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mpovit

join:2005-04-19
Dundee, IL
reply to tshirt

Re: [Connectivity] Do I Need a 10/100/1000 Switch

I want to thank you all for your help. My network is simple. I currently have the 24 port jfs524 being fed from my Uverse modem. (Pace 3801 HGV) I have wired outlets throughout my house for 16 of the twenty four ports through a patch panel. I am currently using them as follows. I have two active wired computers on the network. In addition one line from the switch is going to my family room where I have a Direct TV DVR
that utilizes my network for the Whole Home DVR setup. I also have my Samsung flat screen connected to the network in the family room. In the family room I used a small 5 port switch so I did not have to run an individual line to the DVR and the TV. I have one wireless computer. I know the next question you are asking, why do you need a 105 mbs connection. I don't have a good answer for you. I think I will be getting a gateway from Comcast because wireless is included. Even if it was not a gateway and had a single port could I just plug it into the jgs524?



tshirt
Premium,MVM
join:2004-07-11
Snohomish, WA
kudos:5
Reviews:
·Comcast

said by mpovit:

I think I will be getting a gateway from Comcast because wireless is included. Even if it was not a gateway and had a single port could I just plug it into the jgs524?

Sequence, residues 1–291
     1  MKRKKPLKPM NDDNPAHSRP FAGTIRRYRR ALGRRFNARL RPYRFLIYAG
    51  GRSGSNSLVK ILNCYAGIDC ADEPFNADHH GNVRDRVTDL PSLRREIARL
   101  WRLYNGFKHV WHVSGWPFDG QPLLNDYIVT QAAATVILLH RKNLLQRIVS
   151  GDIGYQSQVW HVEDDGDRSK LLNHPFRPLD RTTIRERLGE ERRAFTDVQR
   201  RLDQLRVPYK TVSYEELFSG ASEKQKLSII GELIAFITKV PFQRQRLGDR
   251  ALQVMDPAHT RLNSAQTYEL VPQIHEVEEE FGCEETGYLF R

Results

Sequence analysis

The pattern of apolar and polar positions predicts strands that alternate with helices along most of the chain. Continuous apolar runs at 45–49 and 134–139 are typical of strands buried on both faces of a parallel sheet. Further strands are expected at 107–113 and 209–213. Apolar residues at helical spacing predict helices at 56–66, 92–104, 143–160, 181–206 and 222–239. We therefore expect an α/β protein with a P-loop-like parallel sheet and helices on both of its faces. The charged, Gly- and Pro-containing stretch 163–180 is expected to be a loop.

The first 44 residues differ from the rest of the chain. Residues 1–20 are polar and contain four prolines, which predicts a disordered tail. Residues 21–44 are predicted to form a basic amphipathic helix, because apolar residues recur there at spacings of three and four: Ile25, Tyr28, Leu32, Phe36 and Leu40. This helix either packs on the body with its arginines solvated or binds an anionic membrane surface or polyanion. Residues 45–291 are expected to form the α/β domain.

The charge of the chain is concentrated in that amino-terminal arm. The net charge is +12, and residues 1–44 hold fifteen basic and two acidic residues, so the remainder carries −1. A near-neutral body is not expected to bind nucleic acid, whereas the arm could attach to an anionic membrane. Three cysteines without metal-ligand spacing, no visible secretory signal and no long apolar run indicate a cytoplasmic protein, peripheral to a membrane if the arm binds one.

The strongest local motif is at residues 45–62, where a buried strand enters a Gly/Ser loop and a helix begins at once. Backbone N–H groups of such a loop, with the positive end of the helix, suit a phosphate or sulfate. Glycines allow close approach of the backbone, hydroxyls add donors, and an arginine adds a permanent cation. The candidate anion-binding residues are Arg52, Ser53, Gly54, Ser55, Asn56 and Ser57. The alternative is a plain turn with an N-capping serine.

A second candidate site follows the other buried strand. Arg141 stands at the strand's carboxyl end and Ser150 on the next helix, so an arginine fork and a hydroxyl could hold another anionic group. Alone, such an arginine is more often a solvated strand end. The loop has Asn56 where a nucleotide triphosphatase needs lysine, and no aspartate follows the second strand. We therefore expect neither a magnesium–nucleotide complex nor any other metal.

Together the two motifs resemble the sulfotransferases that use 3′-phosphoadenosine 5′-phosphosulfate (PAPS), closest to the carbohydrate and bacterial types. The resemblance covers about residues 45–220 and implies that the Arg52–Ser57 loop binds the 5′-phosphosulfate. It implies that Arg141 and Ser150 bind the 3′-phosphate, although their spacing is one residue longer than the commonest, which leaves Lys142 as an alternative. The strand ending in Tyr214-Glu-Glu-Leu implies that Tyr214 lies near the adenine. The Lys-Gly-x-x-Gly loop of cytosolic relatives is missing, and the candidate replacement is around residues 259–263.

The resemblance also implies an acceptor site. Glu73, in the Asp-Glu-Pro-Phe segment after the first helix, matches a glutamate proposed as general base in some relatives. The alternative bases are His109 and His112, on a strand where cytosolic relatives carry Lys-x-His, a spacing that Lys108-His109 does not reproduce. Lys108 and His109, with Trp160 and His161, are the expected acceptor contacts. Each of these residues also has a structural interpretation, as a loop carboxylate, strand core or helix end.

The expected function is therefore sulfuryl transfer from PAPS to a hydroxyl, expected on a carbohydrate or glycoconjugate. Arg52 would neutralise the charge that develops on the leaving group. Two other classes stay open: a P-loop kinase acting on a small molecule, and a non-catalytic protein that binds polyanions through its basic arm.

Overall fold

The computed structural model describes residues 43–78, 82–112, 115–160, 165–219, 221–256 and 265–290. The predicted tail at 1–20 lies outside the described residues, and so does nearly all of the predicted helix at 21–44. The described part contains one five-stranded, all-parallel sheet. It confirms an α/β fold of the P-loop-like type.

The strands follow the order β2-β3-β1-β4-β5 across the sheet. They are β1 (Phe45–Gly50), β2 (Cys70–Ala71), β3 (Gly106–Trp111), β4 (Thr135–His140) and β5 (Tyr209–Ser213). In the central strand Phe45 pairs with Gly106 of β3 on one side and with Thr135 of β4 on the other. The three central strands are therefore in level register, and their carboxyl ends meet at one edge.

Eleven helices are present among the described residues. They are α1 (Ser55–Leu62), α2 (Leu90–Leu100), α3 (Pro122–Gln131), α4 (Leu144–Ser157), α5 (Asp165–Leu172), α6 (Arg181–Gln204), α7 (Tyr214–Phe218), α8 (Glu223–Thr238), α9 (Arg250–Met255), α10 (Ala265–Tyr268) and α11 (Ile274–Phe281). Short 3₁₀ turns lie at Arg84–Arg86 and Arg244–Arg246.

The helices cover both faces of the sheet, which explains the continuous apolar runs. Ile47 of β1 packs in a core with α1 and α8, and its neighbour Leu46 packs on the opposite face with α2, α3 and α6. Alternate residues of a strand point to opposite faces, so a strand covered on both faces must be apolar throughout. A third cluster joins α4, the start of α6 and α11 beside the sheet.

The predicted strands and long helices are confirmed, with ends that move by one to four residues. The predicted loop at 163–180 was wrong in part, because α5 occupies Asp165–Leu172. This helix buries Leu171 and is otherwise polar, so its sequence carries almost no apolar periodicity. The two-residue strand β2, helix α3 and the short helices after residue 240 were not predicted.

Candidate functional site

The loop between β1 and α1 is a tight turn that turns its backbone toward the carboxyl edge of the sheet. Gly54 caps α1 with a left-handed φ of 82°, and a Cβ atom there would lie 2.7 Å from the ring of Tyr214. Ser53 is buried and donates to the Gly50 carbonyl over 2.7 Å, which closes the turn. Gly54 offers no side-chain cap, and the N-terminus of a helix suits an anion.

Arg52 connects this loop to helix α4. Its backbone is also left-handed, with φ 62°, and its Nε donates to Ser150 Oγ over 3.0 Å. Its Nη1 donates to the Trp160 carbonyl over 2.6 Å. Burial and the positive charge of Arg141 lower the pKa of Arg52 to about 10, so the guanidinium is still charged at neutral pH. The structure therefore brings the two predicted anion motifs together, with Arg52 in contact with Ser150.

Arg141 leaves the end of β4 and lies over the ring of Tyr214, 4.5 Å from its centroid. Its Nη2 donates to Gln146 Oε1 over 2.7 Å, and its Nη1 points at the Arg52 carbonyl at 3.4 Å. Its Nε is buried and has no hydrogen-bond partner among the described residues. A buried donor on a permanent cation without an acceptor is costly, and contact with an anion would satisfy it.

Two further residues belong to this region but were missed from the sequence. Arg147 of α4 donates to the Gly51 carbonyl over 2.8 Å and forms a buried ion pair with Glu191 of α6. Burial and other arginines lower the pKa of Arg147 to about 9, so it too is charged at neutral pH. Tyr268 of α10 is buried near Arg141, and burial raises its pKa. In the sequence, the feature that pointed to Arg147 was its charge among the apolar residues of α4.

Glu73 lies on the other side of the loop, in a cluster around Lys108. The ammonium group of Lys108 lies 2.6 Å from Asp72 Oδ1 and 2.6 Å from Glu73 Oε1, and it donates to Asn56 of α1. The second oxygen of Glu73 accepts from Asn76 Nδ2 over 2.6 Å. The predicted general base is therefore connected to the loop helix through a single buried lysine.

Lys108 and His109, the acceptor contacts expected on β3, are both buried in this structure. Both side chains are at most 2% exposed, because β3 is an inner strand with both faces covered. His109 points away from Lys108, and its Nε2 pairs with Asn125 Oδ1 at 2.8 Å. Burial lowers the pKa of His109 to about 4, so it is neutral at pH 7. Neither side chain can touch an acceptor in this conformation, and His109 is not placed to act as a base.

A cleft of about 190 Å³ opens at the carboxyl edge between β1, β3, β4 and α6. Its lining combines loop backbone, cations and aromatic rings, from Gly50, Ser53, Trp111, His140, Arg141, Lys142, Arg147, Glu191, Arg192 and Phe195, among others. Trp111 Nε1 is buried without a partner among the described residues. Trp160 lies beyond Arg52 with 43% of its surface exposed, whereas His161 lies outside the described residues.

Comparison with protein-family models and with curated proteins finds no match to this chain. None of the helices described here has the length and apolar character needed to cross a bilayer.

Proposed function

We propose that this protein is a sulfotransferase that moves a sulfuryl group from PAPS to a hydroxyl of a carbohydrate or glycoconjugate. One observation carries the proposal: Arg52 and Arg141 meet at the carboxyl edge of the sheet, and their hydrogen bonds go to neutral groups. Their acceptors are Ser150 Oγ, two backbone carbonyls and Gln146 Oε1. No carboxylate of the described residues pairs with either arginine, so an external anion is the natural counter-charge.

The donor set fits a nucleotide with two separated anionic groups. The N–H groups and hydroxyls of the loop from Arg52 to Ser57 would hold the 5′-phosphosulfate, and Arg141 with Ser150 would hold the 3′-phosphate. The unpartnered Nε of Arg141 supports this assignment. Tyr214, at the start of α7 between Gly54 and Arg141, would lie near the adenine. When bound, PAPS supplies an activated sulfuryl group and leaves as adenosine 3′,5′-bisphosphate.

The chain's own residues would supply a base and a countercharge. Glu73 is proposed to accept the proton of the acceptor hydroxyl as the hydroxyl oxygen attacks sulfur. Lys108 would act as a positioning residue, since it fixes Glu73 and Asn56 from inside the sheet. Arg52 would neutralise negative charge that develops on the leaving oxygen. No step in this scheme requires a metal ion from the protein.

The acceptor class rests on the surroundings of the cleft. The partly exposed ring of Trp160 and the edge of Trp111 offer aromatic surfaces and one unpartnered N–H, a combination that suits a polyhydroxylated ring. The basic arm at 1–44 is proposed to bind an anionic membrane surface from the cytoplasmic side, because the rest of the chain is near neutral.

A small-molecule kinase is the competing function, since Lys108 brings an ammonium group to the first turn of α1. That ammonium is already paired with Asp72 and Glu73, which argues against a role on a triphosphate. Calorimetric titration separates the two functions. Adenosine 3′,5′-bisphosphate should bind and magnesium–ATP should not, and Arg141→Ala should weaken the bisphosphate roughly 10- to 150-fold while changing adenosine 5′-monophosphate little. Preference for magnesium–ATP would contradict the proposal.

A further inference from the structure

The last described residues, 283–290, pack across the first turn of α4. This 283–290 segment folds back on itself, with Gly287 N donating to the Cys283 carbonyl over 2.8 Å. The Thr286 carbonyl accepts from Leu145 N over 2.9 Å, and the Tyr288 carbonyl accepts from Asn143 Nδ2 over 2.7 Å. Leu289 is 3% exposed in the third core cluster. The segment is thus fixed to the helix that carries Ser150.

Nope, if you want 105 it's fine by me.
Plugging in directly wouldn't work unless you went on a business account and paid extra for "static IP's for each device.
Having/controlling the router in your home adds another security layer so I recommend it.
Of all the compromises gateways have, the wireless portion is among the worst.
Often the best placement for the modem, is a poor position for the wireless AP function and many Gateways already have weak radios and few available controls to make the best of use of what power the have.

From your description your house is fairly large and for your use your current switch is should be fine. I would rather see you spend the money on a good router and your own modem (and maybe a second AP depending on the wireless usage)


Streetlight

join:2005-11-07
Colorado Springs, CO

1 edit

I agree w/ tshirt and others in this thread.

If you plan on keeping Comcast as your ISP for a year, you're better off buying your own modem. Current b, g, n modems (Motorola, Zoom) run around $80. At $7/month rental from Comcast you'll be saving money in about a year. Folks in these forums seem to be unanimous in suggesting a separate modem-router configuration. Besides being more flexible (easy firmware updates, easy/flexible configuration options, etc.) if something goes wrong it's easy to diagnose whether it's the modem or router that went bad and replace the one appliance. You can also future proof yourself today by getting an 802.11ac WiFi router. I've seen the Netgear ac router for $125.

The OP didn't say if he's getting telephone service from Comcast. If so your options are limited. Others in the thread can comment on those limitations.
--
There is nothing more deceptive than an obvious fact.

Sherlock Holmes in
The Boscombe Valley Mystery
A. C. Doyle
Strand Magazine, October 1891


mpovit

join:2005-04-19
Dundee, IL

I just got Internet only. I am planning on getting my own modem. According to Comcast they will be installing an Aeris 862 TMG Gateway that has 4 gigabit ports on it.